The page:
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Healthy Living for Mothers and Children in Sri Lanka

Women take part in an exercise session to improve their fitness.
Women take part in an exercise session to improve their fitness.
April 4, 2013

Healthy living for mothers and children in Sri Lanka Kudagama, in Sri Lanka's Anaradhapura District, is a village of straw-roofed huts and bare-brick homes. The villagers who live here are from one of Sri Lanka's lower castes and they have faced poverty and discrimination for generations, with harmful consequences for their health.

Healthy Improvements


But now the area has been chosen by Plan as part of a new program to improve the well-being of mothers and children. When the project started, nearly half of all the younger children in the village were malnourished – compared to a countrywide average of one in five. Today, that figure is around 35% and still reducing.

All that was needed was a little education, a little encouragement and an environment in which the villagers felt empowered to come up with their own ideas and put them into action. Plan trained local health officials to go into the village and start talking to people about how to change their lives. They explained the importance of nutrition and exercise. After, villagers discussed their problems and what they thought they could do to solve them.

Benefits and Progress


Young mother, Indika Suraney, explains one of the first things they did: "We got our children together and started to provide meals in groups. There used to be many underweight children… but now that has changed and they are putting on [weight each] month."

In fact, children are growing five times faster than before the program began. Parents are taking a more active role in activities to improve their children’s nutrition. Additionally, children are getting a more balanced diet when their parents get together and collectively prepare meals.

There are also other benefits from these group sessions. While the children help themselves from little bowls filled with meat, fish, vegetables, rice and potatoes, their parents sing songs, play games and ask them questions to stimulate their brains. In addition to the physical benefits, it's a healthy learning environment and an extra chance for children to develop social skills.

Progress is monitored through a regular weighing in the village-and this doesn't involve just the children. Mothers are encouraged to watch their weight, too, only in this case, they are usually trying to reduce it – and to reduce cases of heart-disease and other related illnesses in the process.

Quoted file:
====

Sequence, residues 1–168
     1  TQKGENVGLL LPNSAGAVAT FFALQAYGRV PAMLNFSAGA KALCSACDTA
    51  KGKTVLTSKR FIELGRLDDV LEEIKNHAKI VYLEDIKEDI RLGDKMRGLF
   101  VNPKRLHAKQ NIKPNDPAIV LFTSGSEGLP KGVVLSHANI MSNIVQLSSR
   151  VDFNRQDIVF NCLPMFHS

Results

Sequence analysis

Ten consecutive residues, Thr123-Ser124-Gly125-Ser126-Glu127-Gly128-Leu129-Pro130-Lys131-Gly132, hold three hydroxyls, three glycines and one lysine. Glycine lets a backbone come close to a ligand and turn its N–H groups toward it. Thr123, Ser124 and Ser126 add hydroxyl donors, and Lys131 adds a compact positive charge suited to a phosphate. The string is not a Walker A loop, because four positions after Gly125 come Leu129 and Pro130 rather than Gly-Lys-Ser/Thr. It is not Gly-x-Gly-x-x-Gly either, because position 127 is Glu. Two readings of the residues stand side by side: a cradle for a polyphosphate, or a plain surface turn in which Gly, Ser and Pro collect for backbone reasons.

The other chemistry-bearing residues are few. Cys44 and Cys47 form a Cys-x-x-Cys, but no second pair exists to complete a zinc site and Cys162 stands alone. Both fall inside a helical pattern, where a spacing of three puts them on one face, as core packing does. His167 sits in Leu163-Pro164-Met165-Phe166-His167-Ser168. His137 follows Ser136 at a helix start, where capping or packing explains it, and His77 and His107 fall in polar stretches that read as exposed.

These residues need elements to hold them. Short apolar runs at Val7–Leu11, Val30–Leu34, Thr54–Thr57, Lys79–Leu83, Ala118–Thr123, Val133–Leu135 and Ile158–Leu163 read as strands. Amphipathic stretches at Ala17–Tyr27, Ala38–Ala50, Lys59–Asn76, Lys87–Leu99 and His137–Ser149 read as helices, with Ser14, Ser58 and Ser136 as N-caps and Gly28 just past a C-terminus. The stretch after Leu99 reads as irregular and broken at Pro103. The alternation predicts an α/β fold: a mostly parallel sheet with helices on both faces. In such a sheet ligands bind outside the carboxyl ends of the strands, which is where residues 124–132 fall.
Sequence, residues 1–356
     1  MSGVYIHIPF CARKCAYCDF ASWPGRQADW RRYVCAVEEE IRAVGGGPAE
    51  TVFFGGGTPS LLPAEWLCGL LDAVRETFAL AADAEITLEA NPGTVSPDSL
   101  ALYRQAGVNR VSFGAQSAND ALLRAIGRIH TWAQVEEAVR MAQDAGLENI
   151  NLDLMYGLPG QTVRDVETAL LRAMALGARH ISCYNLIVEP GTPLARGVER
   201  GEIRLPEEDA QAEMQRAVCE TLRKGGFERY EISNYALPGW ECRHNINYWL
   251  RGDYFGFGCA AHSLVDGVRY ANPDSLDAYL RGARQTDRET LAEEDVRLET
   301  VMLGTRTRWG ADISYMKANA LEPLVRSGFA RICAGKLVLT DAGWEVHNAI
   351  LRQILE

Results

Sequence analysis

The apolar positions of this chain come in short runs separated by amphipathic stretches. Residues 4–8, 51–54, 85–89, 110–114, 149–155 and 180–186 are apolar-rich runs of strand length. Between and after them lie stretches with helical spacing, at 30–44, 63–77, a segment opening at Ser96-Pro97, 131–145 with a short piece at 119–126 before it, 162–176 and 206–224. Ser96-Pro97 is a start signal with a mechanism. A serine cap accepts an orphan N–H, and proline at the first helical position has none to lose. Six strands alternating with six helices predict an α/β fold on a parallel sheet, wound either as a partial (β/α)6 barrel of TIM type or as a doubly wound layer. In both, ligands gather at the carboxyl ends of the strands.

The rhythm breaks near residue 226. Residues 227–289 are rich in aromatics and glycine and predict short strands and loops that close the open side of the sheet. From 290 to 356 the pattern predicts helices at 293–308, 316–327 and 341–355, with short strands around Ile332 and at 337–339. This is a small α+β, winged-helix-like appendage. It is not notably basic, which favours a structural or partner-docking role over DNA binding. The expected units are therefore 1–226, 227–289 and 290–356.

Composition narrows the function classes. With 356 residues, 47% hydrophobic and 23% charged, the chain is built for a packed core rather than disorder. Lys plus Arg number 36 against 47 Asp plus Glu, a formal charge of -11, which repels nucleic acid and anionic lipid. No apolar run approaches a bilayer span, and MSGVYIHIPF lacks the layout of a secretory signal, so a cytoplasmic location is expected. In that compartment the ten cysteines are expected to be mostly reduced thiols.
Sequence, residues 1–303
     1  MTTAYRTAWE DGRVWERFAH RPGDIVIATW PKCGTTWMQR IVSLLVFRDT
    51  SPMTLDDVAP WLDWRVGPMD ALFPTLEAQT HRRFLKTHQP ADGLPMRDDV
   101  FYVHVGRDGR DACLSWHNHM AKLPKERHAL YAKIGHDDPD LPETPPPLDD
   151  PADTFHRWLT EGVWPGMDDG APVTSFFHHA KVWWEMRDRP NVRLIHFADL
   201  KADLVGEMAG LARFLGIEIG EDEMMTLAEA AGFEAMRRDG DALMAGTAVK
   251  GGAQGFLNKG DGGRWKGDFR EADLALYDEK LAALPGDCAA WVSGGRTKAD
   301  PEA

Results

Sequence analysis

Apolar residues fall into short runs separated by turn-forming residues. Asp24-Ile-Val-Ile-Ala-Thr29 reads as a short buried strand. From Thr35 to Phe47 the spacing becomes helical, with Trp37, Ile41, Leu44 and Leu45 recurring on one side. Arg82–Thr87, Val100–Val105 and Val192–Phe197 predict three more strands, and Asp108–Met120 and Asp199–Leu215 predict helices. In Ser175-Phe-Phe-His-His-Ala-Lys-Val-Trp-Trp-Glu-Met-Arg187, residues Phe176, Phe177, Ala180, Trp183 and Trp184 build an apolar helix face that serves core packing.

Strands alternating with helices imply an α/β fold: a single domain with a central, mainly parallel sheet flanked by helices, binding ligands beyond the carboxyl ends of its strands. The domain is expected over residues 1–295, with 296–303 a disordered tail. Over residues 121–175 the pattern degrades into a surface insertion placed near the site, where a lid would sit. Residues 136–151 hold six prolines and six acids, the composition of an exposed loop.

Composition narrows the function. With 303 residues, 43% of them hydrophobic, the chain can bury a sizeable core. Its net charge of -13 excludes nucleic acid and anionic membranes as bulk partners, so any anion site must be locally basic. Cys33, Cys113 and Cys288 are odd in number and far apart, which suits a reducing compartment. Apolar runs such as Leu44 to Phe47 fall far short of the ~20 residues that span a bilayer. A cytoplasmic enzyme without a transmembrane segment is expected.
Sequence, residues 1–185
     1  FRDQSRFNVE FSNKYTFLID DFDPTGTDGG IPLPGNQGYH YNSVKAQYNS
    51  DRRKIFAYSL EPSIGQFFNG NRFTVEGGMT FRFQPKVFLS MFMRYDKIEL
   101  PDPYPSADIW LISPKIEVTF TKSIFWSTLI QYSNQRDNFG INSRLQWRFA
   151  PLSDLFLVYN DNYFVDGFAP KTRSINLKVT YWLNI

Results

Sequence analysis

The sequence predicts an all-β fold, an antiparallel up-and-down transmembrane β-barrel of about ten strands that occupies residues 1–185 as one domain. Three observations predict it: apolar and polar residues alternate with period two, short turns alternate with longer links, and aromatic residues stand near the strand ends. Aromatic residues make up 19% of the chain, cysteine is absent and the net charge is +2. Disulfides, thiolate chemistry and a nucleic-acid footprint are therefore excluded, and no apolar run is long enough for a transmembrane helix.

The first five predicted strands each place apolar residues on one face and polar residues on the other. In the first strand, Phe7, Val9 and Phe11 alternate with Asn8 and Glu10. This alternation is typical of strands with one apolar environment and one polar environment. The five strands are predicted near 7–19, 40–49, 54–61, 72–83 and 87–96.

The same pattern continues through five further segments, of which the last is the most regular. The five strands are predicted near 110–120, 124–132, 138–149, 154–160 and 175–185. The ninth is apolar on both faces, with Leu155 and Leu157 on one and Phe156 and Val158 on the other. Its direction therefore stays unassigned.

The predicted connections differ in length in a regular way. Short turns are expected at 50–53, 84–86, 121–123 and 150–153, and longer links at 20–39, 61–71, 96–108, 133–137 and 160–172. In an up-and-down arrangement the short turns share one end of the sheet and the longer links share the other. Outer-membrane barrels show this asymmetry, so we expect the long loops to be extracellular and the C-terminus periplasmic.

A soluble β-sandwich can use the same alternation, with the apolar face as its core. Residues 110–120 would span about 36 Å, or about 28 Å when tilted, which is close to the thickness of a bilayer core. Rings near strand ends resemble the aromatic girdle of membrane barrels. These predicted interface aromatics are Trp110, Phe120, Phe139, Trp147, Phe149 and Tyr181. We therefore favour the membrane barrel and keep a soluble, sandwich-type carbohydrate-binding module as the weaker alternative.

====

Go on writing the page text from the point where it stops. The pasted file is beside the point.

"After we started monitoring... most of the mothers started to lose weight," says Dinali Kusum Premadasa, Secretary of the Suwa Sahan Committee in Rambakulama, another village taking part in the project. "They are so enthusiastic about their own health. If they can't come for the regular weighing at the clinic, they come to my house to get it done."

Since the program started, villagers report eating more vegetables and fewer processed foods – and that means their children are being given a healthier diet, too. They also say that the process has made them more confident when dealing with officials and that service providers such as local health staff are more attentive to their needs.

Child Participation


As with all of Plan's activities, children themselves have a central role to play, in this case by spreading what they have learned about healthy living during house-to-house visits after school. Duleeka, a student at M/Anapallama Kanishta Vidyalaya school, explains how:

"We talk about the risks of being overweight with overweight parents. We talk about how to reduce sugary and fatty foods. Those who used to drink six or seven cups of sugary tea a day have cut down to two or three."

Duleeka says that she is happy to be helping the people in her village improve their health – and to save money in the process, and she's not alone. In addition to Kudagama and Rambakulama, there are around 75 other groups following the program and seeing similar results.

Around 10,000 mothers and 15,000 children under five have already been involved, and this number is going to rise. To make sure it does, Plan has held a series of meetings around the country where villagers and children have been able to share their experiences with government staff, the UN and other NGOs. Now Plan's approach looks set to spread across Sri Lanka, bringing better health and local empowerment as it does.

Learn more about Plan’s involvement in health

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